The project was selected by a jury of some of the world's most dynamic architects and designers. It overcame competition from a shortlist of 11 entries. The jury commended the project, saying “Out of the ashes, the grid form nature of the arboretum provides a contrast of the radial garden city nature of Canberra. What separates arboretum from the wetland garden is its uniqueness, its presentation of global landscape heritage and the legacy left for future generations.”
FUTURE PROJECT OF THE YEAR: Art Gallery of Greater Victoria / 5468796 Architecture + number TEN architectural group (Victoria, Canada)
The design team was shortlisted for a competition to envision the future renovation and expansion of the gallery. The competition brief asked that the proposal bring a ‘downtown’ presence to the museum’s suburban location and more vibrancy on the street, all without overwhelming the site or removing the existing trees.
Commending the winning project on behalf of the festival’s super-jury, Paul Finch, WAF Programme Director, said “The jury was unanimous that that the Art Gallery of Victoria is a project that embodies the future – both in terms of creating an intimate yet radical response to its suburban Victorian setting as well as being a beacon of what is to come from its authors.”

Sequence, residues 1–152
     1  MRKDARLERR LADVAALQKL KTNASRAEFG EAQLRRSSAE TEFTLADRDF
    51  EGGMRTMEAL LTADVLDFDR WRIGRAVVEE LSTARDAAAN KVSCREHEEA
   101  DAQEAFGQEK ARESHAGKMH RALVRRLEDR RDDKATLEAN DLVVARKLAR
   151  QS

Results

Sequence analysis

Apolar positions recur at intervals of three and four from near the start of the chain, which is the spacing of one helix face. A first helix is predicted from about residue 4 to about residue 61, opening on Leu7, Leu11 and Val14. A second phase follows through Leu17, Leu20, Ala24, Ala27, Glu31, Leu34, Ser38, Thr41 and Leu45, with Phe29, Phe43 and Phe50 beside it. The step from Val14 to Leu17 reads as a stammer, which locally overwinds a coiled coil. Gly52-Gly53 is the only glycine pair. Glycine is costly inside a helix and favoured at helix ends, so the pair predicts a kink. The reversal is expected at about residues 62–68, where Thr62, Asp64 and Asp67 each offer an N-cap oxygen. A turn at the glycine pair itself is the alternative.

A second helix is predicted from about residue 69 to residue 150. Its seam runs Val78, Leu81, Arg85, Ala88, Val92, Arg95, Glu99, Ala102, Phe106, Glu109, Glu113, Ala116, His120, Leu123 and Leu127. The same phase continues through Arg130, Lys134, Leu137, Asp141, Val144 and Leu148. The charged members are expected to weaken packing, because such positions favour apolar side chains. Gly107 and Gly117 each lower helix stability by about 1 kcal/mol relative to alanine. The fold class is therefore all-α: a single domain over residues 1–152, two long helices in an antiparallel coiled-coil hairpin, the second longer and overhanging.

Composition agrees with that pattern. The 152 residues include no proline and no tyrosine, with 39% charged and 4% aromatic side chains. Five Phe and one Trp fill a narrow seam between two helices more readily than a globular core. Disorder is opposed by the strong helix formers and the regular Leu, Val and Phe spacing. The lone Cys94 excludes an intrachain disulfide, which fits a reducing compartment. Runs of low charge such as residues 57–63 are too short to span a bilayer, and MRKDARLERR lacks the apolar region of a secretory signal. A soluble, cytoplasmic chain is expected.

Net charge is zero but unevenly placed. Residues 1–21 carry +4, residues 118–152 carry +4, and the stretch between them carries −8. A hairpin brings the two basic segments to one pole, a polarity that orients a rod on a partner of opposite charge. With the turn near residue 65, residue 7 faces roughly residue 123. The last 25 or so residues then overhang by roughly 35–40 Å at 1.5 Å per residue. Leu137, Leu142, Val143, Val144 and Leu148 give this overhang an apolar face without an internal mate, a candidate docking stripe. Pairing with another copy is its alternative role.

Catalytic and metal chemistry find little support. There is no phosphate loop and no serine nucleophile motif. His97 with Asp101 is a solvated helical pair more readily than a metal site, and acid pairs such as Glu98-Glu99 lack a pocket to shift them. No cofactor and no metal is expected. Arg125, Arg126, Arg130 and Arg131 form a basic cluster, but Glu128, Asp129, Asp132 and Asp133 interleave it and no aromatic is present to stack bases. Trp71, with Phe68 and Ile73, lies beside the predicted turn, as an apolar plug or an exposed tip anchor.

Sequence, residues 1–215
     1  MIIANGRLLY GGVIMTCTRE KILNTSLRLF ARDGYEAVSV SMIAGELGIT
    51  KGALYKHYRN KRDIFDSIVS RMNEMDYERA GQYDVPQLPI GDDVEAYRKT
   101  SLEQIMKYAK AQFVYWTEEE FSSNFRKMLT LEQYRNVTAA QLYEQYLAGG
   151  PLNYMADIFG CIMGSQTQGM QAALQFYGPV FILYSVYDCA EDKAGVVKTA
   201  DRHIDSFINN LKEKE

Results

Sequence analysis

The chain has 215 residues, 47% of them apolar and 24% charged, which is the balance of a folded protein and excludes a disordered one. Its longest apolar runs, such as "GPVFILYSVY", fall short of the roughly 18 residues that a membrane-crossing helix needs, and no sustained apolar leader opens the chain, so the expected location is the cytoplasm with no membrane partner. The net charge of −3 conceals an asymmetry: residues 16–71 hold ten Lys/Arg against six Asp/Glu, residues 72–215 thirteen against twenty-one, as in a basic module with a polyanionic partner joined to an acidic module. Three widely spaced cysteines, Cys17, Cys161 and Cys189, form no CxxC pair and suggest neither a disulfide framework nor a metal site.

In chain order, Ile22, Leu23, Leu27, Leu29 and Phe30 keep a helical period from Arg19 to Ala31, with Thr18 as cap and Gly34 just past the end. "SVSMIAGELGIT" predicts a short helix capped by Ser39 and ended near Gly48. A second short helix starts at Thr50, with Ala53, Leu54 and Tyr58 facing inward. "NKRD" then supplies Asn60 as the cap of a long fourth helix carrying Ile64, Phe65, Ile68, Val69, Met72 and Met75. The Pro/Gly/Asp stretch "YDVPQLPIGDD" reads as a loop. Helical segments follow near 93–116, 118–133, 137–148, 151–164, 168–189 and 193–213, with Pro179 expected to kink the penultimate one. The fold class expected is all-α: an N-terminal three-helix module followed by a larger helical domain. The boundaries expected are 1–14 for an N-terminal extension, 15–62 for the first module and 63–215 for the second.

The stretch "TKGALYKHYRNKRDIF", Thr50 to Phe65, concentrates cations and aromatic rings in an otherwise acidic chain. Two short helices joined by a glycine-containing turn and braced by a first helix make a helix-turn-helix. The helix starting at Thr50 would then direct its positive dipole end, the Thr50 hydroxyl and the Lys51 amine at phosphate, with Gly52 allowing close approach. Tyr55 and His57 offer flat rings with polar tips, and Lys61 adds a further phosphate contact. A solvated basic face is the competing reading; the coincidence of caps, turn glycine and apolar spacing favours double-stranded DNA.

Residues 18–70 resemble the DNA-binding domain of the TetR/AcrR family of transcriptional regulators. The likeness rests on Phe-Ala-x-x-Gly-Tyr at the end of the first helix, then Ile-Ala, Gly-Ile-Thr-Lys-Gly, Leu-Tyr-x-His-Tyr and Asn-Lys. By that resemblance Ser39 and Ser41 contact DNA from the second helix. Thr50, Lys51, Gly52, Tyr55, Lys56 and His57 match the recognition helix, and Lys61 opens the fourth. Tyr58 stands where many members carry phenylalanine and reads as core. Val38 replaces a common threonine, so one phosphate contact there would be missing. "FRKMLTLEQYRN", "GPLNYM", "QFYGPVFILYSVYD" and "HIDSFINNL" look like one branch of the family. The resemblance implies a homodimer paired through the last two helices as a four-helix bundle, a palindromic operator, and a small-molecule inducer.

WOOD EXCELLENCE PRIZE: Alex Monroe Studio / DSDHA
In 2009 DSDHA were asked to develop a new jewellery studio for designer Alex Monroe in Snowsfields, within the Bermondsey Conservation Area in London, to provide a showcase for Alex’s growing business which was previously based in Iliffe Yard, alongside DSDHA’s architectural studio. The proposal adds a hand-crafted three storey element to the existing Edwardian single-storey shopfront, providing sales, workshop, studio, meeting and dining spaces as well as a roof terrace with views towards London Bridge.
The festival’s jury commended the project, saying “Urban densification is a future necessity. Wood is the answer to problems it brings, thanks to construction speed and prefab efficiency. Architecturally the project fits within its urban surrounding, and becomes a piece of ‘urban furniture’.”
Sponsored by AkzoNobel, who are also Headline Partner of the festival, the prize is the first of its kind to feature on the festival’s awards programme, the only criterion is that colour is an integral part of the exterior of the project.
The project comprises a 200 meter long pair of buildings snaking west to east in a series of brightly coloured streaks that cheer up the often grey skies of Vienna’s Prater district. The building is designed around Cook and Robotham’s strongly held belief (based on many years as University teachers) that a lively and successful college building should have generous and engaging internal spaces that are not just seminar rooms or offices, but places to ‘hang out’ and possibly encourage you to stay around after class: so these are carved out of the interior and slither around in a similar way to the building as a whole.
The judges praised the project, stating that it “demonstrates how learning institutions should be fun and inspiring. This project used colour with energy and total conviction throughout.”